The official language of Jamaica is English, although most of us converse using ‘Patois', a dialect as colourful and intriguing as our Jamaican personalities. It may take some time for you to become accustomed to it. When that happens, though, you'll have fun trying the local expressions.
Rabies is not a danger in Jamaica and we'd like to keep it that way. So although we would love to host your pets, we must ensure that they're completely healthy before they can be brought on the island. In keeping with international standards, the importation of all live animals into Jamaica requires an import permit from the Veterinary Services Division of the Ministry of Agriculture prior to arrival in Jamaica. All animals must be rabies-free, and must never have been rabies vaccinated. Dogs and cats (with permits) are allowed into Jamaica only from Great Britain, Northern Ireland and Eire. For more information, contact the Veterinary Services Division: tel. 876-977-2489 or 876-977-2492. To secure a permit, fax a letter of request to 876-977-0885.
Jamaica falls within the Eastern Time Zone (UTC/GMT -5 Hours) and does NOT observe Daylight Savings Time. At times in Jamaica, however, it seems as if we don't observe any time at all, so for the least amount of stress on your vacation, you may want to think about leaving your watch behind! At approximately 18 degrees north of the equator, the island falls within the tropics, and as such does not experience drastic seasonal changes in sunrise and sunset times. Year-round, the island averages between 11.5 and 12.5 hours of sunlight per day – always enough time to do everything, or never enough for anything!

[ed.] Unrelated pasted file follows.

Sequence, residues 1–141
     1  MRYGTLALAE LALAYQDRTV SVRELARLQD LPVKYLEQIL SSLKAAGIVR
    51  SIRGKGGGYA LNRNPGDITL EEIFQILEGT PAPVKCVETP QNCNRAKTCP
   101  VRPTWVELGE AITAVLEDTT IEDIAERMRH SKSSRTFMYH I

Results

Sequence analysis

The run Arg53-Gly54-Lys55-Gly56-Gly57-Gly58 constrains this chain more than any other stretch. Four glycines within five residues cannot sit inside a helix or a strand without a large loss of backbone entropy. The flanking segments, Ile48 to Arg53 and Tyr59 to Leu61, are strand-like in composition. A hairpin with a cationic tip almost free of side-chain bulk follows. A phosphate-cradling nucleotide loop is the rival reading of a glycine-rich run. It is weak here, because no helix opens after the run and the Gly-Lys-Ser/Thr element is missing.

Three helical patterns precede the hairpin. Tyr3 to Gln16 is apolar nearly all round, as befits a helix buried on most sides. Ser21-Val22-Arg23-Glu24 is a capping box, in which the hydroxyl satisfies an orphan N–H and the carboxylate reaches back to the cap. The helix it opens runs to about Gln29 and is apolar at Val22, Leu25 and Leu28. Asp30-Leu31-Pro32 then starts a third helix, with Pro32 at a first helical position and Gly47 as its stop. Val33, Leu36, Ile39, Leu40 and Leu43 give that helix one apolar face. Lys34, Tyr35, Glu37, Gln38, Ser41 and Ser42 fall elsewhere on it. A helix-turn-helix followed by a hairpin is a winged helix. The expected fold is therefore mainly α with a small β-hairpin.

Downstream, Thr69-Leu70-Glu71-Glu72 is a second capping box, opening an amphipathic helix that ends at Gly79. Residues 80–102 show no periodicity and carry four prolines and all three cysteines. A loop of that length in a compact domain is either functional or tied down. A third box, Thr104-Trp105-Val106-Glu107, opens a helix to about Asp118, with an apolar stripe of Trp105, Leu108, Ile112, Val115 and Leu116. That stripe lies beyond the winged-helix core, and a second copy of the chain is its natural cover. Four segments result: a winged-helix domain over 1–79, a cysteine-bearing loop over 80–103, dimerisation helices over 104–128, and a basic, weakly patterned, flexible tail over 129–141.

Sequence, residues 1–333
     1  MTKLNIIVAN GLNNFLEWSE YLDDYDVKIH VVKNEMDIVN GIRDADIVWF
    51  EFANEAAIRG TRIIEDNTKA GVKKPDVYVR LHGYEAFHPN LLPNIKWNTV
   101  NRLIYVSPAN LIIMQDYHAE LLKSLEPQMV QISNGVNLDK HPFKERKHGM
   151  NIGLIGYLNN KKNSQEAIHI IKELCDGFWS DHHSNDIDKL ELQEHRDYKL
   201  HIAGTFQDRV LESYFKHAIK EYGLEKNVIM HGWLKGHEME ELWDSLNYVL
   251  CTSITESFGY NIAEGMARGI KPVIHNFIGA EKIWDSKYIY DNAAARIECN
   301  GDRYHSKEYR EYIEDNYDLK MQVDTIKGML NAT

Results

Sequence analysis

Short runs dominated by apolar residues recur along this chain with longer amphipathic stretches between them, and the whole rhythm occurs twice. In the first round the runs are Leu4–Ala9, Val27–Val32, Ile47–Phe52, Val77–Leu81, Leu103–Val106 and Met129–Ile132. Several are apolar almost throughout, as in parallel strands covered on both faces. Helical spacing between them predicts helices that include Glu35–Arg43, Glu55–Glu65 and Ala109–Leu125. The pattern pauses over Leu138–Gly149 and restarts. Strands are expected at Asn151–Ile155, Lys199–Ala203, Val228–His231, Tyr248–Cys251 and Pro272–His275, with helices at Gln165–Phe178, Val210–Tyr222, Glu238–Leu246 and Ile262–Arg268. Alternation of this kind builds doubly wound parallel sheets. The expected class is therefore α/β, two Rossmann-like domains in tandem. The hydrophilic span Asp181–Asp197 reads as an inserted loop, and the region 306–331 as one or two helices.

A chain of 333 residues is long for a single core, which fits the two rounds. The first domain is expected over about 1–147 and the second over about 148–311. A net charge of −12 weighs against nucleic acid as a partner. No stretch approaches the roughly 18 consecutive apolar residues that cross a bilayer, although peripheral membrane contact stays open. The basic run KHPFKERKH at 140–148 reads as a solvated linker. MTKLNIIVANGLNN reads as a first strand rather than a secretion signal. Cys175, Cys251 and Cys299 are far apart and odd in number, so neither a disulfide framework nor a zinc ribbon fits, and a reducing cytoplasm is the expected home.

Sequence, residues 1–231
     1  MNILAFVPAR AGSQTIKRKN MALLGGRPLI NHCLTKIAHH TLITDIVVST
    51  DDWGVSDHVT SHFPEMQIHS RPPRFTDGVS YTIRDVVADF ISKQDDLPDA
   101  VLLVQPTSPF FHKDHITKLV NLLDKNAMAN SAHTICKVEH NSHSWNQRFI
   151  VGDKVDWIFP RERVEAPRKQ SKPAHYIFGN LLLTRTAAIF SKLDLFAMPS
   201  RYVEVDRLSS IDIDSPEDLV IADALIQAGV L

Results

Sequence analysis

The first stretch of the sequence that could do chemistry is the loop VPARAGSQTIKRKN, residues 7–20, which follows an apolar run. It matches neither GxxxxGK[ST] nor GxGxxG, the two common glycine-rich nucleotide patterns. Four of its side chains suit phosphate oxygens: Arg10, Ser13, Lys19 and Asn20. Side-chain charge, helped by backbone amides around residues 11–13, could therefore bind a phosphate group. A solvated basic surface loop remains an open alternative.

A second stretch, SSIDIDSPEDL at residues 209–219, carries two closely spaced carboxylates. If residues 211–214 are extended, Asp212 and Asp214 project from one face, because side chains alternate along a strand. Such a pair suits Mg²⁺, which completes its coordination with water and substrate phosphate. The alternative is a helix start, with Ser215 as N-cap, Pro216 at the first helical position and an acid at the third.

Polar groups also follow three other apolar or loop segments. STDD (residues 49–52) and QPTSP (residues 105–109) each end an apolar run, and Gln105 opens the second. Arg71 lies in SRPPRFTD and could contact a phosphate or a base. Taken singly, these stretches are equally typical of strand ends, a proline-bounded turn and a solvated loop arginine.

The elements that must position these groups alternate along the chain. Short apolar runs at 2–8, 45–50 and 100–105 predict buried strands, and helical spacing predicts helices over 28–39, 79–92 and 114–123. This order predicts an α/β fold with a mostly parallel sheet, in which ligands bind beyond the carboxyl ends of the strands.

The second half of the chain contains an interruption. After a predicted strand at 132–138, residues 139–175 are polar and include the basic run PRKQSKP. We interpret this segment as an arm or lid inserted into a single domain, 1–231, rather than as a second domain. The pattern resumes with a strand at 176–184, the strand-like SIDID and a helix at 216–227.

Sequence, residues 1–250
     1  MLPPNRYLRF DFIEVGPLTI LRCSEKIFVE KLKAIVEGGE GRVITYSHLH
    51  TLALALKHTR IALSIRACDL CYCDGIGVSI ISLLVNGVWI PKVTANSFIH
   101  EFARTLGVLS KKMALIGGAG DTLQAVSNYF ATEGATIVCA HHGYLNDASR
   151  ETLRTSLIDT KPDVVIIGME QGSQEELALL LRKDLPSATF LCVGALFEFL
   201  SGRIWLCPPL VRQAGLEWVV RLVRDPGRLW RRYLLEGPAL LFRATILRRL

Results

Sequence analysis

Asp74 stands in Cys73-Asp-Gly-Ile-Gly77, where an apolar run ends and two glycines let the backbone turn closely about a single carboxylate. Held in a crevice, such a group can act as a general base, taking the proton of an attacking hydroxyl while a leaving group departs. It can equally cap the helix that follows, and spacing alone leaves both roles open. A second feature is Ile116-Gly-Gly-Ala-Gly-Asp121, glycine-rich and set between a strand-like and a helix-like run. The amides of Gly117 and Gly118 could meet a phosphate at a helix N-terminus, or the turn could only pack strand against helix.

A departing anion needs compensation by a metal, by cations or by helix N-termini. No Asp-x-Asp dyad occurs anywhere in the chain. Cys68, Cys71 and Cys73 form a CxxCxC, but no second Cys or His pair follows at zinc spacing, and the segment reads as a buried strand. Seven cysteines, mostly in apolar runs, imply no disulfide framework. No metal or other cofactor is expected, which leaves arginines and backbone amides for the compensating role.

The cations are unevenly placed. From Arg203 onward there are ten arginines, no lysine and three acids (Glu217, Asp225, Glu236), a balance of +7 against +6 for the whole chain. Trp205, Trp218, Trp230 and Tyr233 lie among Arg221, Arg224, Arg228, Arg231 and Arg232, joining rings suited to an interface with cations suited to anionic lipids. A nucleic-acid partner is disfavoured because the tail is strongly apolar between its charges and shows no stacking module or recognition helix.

"Xamayca" is the name that the first Jamaicans, the Tainos, gave to this country. It means "Land of Wood and Water", and for good reason; Jamaica has hundreds of spring and rivers, both above and under ground. Over the years, we have developed extensive water treatment and supply systems islandwide, so all drinking water in Jamaica is purified and filtered by modern methods. Our water is safe for you to drink, clean your teeth, bathe and wash clothing in. If you choose not to drink the water, rest assured; there are many brands of Jamaican spring water that meet or exceed the highest international standards, available at most shops and restaurants.